FINRA requires that firms retain records of communications related to the broker-dealer’s business that are made through social media sites. Although FINRA is aware that certain technology providers are developing systems that allow firms to retain such records, FINRA does not endorse a particular method or manner of recordkeeping.

Suitability Responsibilities

If a firm or its personnel recommend a security through a social media site, the particular communication will be considered a “recommendation” under NAsd Rule 2310. since social media sites allow the content to be viewable by all or some of the public, Rule 2310 requires a broker-dealer to first make a determination that the recommendation is suitable for every investor to whom it is made. As such, communications through social media sites may trigger suitability rules, substantive liability for the firm or registered representative and other requirements under the federal securities laws and FINRA Rules.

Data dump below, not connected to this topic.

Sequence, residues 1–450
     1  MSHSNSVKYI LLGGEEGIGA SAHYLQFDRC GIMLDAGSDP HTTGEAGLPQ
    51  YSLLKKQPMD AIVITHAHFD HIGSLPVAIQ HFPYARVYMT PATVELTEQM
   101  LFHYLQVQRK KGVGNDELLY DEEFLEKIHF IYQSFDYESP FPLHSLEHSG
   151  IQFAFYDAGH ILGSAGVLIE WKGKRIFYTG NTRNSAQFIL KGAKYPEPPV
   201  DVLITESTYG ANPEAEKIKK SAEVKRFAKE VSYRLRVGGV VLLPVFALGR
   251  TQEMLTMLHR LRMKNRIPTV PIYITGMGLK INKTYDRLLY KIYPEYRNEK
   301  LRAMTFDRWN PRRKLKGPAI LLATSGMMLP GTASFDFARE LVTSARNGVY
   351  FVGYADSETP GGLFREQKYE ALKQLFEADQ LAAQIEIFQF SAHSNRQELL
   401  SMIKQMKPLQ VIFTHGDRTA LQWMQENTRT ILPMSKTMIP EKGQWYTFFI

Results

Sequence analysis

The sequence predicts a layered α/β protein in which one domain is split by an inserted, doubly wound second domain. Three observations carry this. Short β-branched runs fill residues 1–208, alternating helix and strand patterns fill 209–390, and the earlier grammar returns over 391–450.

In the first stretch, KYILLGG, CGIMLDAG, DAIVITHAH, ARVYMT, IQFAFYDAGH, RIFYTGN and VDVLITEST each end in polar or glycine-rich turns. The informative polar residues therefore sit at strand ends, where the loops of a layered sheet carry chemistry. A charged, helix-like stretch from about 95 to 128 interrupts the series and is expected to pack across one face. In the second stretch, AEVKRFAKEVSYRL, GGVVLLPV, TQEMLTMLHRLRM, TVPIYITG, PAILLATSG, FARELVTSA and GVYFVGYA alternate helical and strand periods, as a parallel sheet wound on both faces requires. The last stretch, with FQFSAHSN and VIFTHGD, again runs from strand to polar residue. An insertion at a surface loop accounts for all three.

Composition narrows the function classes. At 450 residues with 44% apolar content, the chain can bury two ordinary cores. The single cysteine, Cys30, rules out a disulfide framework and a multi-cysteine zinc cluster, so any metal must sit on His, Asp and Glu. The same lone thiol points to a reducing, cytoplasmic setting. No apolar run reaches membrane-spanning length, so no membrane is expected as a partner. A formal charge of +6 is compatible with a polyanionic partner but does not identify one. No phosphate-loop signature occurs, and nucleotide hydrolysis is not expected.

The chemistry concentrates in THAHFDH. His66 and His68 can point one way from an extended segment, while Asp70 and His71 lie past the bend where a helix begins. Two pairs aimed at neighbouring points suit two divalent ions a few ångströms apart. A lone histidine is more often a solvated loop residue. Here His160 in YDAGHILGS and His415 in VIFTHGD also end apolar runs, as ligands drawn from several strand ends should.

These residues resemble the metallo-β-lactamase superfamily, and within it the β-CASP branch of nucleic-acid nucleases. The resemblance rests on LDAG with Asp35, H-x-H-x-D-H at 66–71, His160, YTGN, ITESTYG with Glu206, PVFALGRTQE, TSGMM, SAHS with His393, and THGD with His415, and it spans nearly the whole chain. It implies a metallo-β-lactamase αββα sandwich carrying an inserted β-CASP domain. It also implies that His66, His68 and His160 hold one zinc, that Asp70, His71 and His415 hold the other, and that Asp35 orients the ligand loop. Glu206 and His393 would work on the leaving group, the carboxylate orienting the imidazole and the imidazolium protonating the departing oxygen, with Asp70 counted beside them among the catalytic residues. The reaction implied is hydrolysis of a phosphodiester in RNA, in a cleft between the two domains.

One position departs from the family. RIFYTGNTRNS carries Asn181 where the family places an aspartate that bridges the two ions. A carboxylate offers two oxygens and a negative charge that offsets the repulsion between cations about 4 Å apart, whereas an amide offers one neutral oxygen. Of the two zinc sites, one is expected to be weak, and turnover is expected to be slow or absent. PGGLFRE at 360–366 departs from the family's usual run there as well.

FINRA recommends that firms prohibit all interactive electronic communications that recommend a specific investment unless the registered principal has approved the content. If the firm does allow specific investment recommendations through social media sites, FINRA recommends that firms maintain databases of pre-approved communications that personnel may access as templates. At the very least, firms must adopt policies and procedures reasonably designed to address communications that recommend specific investments through social media sites.


While electronic media continues to expand the manner and method in which firms can reach potential customers, each firm must continue to comply with federal law and regulatory policy developed through FINRA.